Personal Workshop Safety

February 6, 2024 | 6 min read | By: Len Smith

Safety First

I first got interested in woodworking by watching Norm Abram on PBS every Saturday morning.  Like me, I believe that Norm did a great job explaining the basics of a given project.  Before the start of any project, Norm would pause for his well-known safety pitch.  My kids knew this pitch by heart, even though they weren’t the least bit interested in the show.  Come on, say it with me….

“Before we get started I’d like to take a moment to talk about shop safety. Be sure to read, understand, and follow all the safety rules that come with your power tools. Knowing how to use your power tools PROPERLY will greatly reduce the risk of personal injury. And remember this. There is no more important safety rule than to wear these…safety glasses.”

Safety is as important in our home workshops as it is in a professional woodworking environment.  Each year, U.S. hospitals see thousands of workers with injuries caused by woodworking tools land in their emergency rooms. In fact, there is a National Electronic Injury Surveillance System (NEISS) that tracks and publishes statistics on woodworking injuries.  In this Shop Notes article, we want to pass along some important considerations when it comes to personal workshop safety.

This is by no means an exhaustive list and we offer this as a courtesy to our valued customers.   The most important rule when it comes to workshop safety is that we all practice what I call an “attitude of safety.”  By that, I mean that whenever we’re doing anything in the workshop we should first take a pause and ask ourselves, “Am I doing this in the safest manner possible?

Tool SafetyBoth power and hand tools can be a source of injury if we’re not careful.  Many of these safety tips will also lead to improved tool performance.  Below are a few tips to keep in mind:

Personal Safety – It’s too easy to let our guard down in our home shops and this is when accidents happen.  Here are a few simple precautions that we can take to safeguard our safety in the shop:

  • Yes, do read the manuals that come with your power tools.  They include important safety information.
  • Perform the required periodic maintenance on your tools and be sure to keep your tools clean.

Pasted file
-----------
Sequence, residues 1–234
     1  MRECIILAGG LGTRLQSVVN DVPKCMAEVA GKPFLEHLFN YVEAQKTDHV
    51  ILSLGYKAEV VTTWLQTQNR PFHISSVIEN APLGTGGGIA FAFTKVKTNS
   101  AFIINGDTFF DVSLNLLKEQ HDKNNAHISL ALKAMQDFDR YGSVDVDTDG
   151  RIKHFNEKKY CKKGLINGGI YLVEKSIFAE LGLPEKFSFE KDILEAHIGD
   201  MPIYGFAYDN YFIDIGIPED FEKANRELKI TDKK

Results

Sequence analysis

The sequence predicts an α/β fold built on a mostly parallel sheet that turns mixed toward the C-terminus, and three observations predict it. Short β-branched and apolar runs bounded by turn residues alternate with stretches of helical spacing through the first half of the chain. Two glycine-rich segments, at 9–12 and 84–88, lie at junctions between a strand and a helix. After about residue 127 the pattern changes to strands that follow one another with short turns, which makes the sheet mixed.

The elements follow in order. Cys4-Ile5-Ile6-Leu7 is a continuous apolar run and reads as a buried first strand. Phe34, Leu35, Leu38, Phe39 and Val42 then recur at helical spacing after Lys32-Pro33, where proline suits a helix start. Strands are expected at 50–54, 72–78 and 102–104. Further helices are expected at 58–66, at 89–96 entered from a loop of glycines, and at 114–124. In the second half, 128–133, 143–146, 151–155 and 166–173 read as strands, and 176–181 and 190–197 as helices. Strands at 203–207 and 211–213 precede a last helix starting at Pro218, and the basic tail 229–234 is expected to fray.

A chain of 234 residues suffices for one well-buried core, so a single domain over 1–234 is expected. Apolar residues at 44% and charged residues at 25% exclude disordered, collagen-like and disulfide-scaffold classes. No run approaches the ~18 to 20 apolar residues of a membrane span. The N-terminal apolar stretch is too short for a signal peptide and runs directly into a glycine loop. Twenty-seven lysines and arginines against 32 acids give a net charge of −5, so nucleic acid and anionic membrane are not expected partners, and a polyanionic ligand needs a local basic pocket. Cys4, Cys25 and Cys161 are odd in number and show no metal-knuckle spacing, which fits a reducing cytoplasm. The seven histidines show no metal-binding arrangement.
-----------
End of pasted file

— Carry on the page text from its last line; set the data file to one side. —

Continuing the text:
• Periodically check and if necessary, recalibrate the alignment of your tools, especially table saws, bandsaws, planers, and jointers. 
  • Make use of feather boards when feeding stock through a table saw.
  • Use the tools for their intended purpose.
  • Keep cutting edges such as table saw blades, plane blades, or chisels clean and sharp.  A dull blade is inefficient and a safety risk.
  • Never disable the safety mechanisms that come with your power tools.
  • Be diligent about wearing hearing and eye protection.  You can download free sound meter apps for your phone. 
  • Be mindful of your body position and posture when using a table saw,  Never reach over a spinning blade.
  • Make it a practice to rely on push blocks or sticks to keep your hands away from a spinning blade.
  • Understand that wood dust can be a carcinogen.  Be sure to wear a mask, especially when you’re producing fine dust, such as when sanding.  
  • Wear gloves when you’re pulling lumber or plywood for your projects to avoid getting splinters.
  • Keep beverage containers well away from any of your tools.

Shop SafetySafety can also extend to the shop itself, which can be easy for us to overlook.  Below are a few tips to keep in mind:

Additional ConsiderationsHere are a few additional suggestions that we can take to safeguard our personal safety in the shop:

  • Take the time to try and keep your shop tidy and organized.  A messy shop is not only inefficient, but it also can create a number of safety risks.
  • Be mindful of how you rack (store) your lumber and sheet goods.
  • Be sure that you have an effective means of dust and chip collection.
  • For many reasons, ensure you have adequate lighting.
  • Ensure that the electrical power that you rely on is appropriate for your tools in terms of voltage and amperage.  When in doubt, consult a licensed electrician in your area.
  • Wood dust is combustible, so consider keeping a personal, rechargeable, multi-class fire extinguisher in your shop, mounted in an easy-to-access location.  
  • Ensure that any flammable materials, especially those used for finishing, are stored in a fireproof or at least a fire-resistant cabinet. 
  • Keep a small personal first aid kit in the shop.  Infinity sells one specific for woodshop.
  • Be mindful of children around the shop.  Depending on the age of your children, it may make sense to take steps to make it more difficult for young ones to enter your shop and explore when you’re not around.
  • On a similar note, most larger power tools now come with small keys on the power switch that when removed, disable the switch.
  • When working with finishes, be sure to properly dispose of any cloths or shop rags that contain finish.  Check out this FWW Article for more details.
  • Empty your shop’s trash regularly, especially if your shop will be idle for a while.
  • Periodically clean your dust collector’s dust filter.  It will not only help with the shop’s air quality, but a clean filter will greatly improve your dust collector’s efficiency.
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Sale runs until February 24th!

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